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Adult Shop Vindicated

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May 24, 2005

Cordele - In January, the Court heard a case between Crisp County and the adult novelty store Love Stuff. The ruling allows the store to remain where it is.

Love Stuff sells sex novelty items, and other non-explicit materials. Roger Welk is an employee , he used to be a partial owner. He says, "We had to sell out, and a new company took over." Sold out because he couldn't afford litigation against the county.

The county said the store was too close to a residential zone, but this week the Georgia Supreme Court ruled that ordinance was too vague. Welk says, "It just opens up more doors for us as far as comfort and feeling that we're an asset to the community rather than a blemish."

He says the store adds something that married couples appreciate. "They need some variety, they need some spice, they need to put that romance back into their marriage," says Welk. And the ruling by the courts assures the relationship between "love stuff" and the county will continue.

Here is the summary of the opinion, courtesy of the Georgia Supreme Court Website:

The Supreme Court has unanimously reversed a Crisp County Superior Court judge in 105 Floyd Road, Inc. v. Crisp County, S05A0373.

Justice Carol W. Hunstein wrote for the Court. At issue in this case is a county ordinance designed to regulate the sale of “‘services, . . . or materials in print or in any photographic or recorded media that [involve or depict certain defined sexually-explicit activities or anatomical areas], with the intent of providing sexual stimulation or gratification to the customer.’" Businesses “that meet the definition of a sexually-oriented adult use may only operate in certain designated zoning districts upon approval of a special use permit.”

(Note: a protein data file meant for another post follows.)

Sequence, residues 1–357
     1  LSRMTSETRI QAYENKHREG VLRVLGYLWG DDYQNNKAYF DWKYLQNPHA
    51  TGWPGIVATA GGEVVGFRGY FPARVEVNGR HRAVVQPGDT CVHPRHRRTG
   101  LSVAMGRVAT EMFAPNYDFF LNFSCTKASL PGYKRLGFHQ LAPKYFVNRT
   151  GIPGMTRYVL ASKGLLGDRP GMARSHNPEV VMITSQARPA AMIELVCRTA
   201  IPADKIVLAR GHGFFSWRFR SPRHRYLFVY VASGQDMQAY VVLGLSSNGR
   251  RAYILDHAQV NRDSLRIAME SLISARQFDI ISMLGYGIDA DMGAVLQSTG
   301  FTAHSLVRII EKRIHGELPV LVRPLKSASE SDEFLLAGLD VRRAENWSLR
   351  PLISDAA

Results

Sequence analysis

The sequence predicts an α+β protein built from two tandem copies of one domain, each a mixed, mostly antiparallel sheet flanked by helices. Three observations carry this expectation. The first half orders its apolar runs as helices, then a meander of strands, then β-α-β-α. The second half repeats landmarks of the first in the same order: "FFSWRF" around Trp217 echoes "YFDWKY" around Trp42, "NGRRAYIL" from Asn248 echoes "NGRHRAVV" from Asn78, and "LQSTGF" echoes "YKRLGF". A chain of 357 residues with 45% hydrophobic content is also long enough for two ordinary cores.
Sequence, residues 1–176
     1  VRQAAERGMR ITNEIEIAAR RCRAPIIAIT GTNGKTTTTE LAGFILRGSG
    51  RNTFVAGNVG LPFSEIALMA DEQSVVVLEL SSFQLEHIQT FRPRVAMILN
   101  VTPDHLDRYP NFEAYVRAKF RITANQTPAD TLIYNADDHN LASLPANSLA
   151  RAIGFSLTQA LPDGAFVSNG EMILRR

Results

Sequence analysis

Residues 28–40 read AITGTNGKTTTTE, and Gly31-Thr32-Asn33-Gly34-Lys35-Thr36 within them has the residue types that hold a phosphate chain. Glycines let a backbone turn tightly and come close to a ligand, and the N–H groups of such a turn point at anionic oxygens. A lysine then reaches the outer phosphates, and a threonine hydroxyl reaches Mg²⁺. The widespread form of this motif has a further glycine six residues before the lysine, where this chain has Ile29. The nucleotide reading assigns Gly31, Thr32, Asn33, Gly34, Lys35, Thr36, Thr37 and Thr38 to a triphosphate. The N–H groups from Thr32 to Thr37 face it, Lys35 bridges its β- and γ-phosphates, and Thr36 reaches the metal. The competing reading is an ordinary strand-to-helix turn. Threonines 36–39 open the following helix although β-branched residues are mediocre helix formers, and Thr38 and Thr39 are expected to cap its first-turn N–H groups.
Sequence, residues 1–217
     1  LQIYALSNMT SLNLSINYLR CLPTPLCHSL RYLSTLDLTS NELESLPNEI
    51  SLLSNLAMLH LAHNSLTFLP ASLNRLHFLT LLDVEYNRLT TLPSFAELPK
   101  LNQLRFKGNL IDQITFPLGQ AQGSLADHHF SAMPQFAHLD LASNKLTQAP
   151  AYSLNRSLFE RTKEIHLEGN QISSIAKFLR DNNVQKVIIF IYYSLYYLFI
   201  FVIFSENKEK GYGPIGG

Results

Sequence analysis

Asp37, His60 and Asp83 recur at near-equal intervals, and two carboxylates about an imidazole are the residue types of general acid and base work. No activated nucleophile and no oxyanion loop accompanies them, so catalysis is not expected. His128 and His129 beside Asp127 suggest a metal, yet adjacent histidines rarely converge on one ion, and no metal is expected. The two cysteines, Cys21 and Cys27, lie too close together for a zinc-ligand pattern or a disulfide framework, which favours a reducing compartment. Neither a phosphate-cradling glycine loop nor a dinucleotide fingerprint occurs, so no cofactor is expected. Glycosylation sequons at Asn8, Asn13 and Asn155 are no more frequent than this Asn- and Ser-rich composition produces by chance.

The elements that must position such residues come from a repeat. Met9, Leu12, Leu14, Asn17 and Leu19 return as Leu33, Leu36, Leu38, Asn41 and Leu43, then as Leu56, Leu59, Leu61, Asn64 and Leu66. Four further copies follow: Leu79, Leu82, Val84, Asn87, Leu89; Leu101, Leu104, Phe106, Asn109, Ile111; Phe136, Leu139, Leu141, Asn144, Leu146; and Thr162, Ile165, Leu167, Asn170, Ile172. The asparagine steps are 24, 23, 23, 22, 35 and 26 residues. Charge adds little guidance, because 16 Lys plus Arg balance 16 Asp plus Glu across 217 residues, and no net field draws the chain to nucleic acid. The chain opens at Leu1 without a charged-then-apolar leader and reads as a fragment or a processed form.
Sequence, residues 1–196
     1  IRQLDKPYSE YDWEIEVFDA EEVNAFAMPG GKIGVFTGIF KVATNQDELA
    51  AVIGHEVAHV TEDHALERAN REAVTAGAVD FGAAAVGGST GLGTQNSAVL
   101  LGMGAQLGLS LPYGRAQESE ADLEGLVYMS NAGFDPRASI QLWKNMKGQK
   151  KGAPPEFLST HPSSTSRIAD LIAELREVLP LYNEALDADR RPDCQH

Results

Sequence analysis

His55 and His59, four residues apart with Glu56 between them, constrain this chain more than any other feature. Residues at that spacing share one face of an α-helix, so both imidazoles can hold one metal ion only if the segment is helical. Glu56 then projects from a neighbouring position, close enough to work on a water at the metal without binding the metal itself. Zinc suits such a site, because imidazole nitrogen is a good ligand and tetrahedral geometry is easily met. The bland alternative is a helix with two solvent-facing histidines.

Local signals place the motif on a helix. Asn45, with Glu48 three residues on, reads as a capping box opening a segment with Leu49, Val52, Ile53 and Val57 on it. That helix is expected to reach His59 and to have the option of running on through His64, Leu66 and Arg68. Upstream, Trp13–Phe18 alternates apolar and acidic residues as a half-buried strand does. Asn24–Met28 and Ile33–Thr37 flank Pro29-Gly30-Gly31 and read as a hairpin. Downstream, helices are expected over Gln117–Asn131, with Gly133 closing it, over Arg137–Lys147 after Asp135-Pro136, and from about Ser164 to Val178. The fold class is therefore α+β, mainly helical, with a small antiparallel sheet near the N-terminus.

The trial court “reject[ed] appellant's constitutional challenges to the development code, including the assertion that the language was unconstitutionally vague, both facially and as applied to appellant, [and] permanently enjoined appellant from operating its business.” In reversing the trial court, the Supreme Court has ruled that the wording of the ordinance “is too vague to be enforced and is, therefore, unconstitutional under the due process clauses of the Georgia and United States constitutions.”

Attorneys for Appellant: Alan I. Begner; Katie K. Wood

Attorneys for Appellee: Peter R. Olson; Brandon L. Bowen

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